Lake Milton cattle farm thrives as model for responsible practices

By Peter H. Milliken


The efforts of Mahoning Soil and Water Conservation District have been tested this summer with drought conditions plaguing the area.

But soil and water conservation officials say Ben Campbell’s Stone Creek Farm at 16200 Palmyra Road is a model of environmental stewardship.

When the long dry spell was interrupted by 31/2 inches of rainfall within two days in late July, erosion on the Campbell farm as minimal, and Campbell attributes that to the erosion-control measures he’s taken based on SWCD’s advice.

Campbell’s environmental stewardship is even reflected in his use, whenever possible, of a two-wheeled dirt bike, instead of a larger vehicle, to get around his farm, thereby reducing soil erosion, fuel consumption and air pollution.

Campbell is a cattle farmer, and his family has been farming on Palmyra Road in Mahoning County since 1900. Today, Campbell’s 300-acre Milton Township farm is home to more than 200 head of beef cattle.

Running through his farm is Charley Run Creek, which flows into Lake Milton, where a state park is located. Protection of water quality in that creek, whose watershed spans more than 2,000 acres, is one of Campbell’s highest priorities.

“We’re proud of what we’re doing, and we’re trying to just do the right thing and protect Mother Nature and our family interest at the same time,” Campbell said.

“The agricultural community really has always been in the forefront of best practices because they cannot foul their own land. They cannot foul their own water,” said Richard Scarsella, board chairman of the soil and water conservation district.

Scarsella called the Campbell farm “a pacesetter” in soil and water conservation practices.

Todd Miller, SWCD’s district technician, called the Campbell farm “a model farm” for such practices.

Besides the altruistic values, good environmental stewardship is in a farmer’s best self-interest, Miller said.

“Being a farmer, you want to be a steward of the land because whatever you put into it is what you get back,” Miller said.

“The longer he can graze [his cattle], the less hay he has to feed, the less it costs him to feed those cows,” Miller said of Campbell.

Campbell, who has a bachelor’s degree in agriculture from Ohio State University, teaches agriculture at Southeast Local High School in Portage County.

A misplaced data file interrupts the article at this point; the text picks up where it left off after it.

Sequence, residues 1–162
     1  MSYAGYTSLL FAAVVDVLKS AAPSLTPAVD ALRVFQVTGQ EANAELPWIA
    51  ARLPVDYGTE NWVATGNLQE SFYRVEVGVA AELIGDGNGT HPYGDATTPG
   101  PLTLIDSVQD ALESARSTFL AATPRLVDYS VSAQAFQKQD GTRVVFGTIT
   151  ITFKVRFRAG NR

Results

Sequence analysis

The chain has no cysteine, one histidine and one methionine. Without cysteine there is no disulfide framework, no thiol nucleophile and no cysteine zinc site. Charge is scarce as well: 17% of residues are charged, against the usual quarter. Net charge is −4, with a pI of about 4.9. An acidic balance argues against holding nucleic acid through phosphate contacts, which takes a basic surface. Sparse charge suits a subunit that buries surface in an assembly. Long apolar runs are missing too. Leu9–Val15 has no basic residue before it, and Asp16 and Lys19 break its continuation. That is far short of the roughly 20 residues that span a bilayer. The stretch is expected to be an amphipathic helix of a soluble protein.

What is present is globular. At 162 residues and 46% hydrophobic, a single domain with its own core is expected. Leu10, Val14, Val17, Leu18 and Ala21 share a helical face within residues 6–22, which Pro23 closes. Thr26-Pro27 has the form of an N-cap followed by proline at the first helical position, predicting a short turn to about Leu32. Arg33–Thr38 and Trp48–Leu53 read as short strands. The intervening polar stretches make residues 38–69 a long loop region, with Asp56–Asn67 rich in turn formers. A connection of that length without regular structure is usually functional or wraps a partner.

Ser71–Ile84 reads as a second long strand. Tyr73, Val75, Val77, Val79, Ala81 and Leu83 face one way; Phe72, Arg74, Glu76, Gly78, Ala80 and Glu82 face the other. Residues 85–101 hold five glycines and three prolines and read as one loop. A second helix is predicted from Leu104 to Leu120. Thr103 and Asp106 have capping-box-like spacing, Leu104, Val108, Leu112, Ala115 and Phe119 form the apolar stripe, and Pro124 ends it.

On his farm, Campbell has adopted many soil and water conservation measures, some entirely funded on his own and others with federal cost-sharing assistance.

Among the steps he took based on recommendations of Mahoning SWCD are:

Cattle are fed on a heavy stone pad during the winter to reduce erosion caused by cattle hooves in freezing and thawing ground.

A 40- by 70-foot storage building has been built to house under roof the manure collected during the winter from his barns, so rainfall won’t carry it away and cause water pollution before it is spread thinly over the pasture as fertilizer in the spring.

An electrified fence has been installed along the creek to keep cattle from congregating to cool off in the creek, where their presence would pollute the creek and cause erosion.

Some 5,000 additional trees, including 3,500 swamp white oaks, and 500 each of ash, pin oak and Austrian pines, have been planted along the creek to reduce stream bank soil erosion and provide shade to reduce water temperatures for the benefit of aquatic life.

Nearly 3 miles of underground plastic pipe with 21 water taps have been installed to facilitate rotation of watering station use as cattle are moved from one section of pasture to another.

This rotation allows the grass on which the cattle graze to recover and grow anew and prevents excessive manure and urine accumulation in one place.

The rotation of livestock among pasture segments is especially important during periods of drought, such as what Campbell has experienced this year, when pasture recovery from grazing is slower due to slower grass growth, Miller said.

All the advice and information from Miller and other staff members of the Youngstown-based Mahoning SWCD office is provided free to farmers and other landowners.

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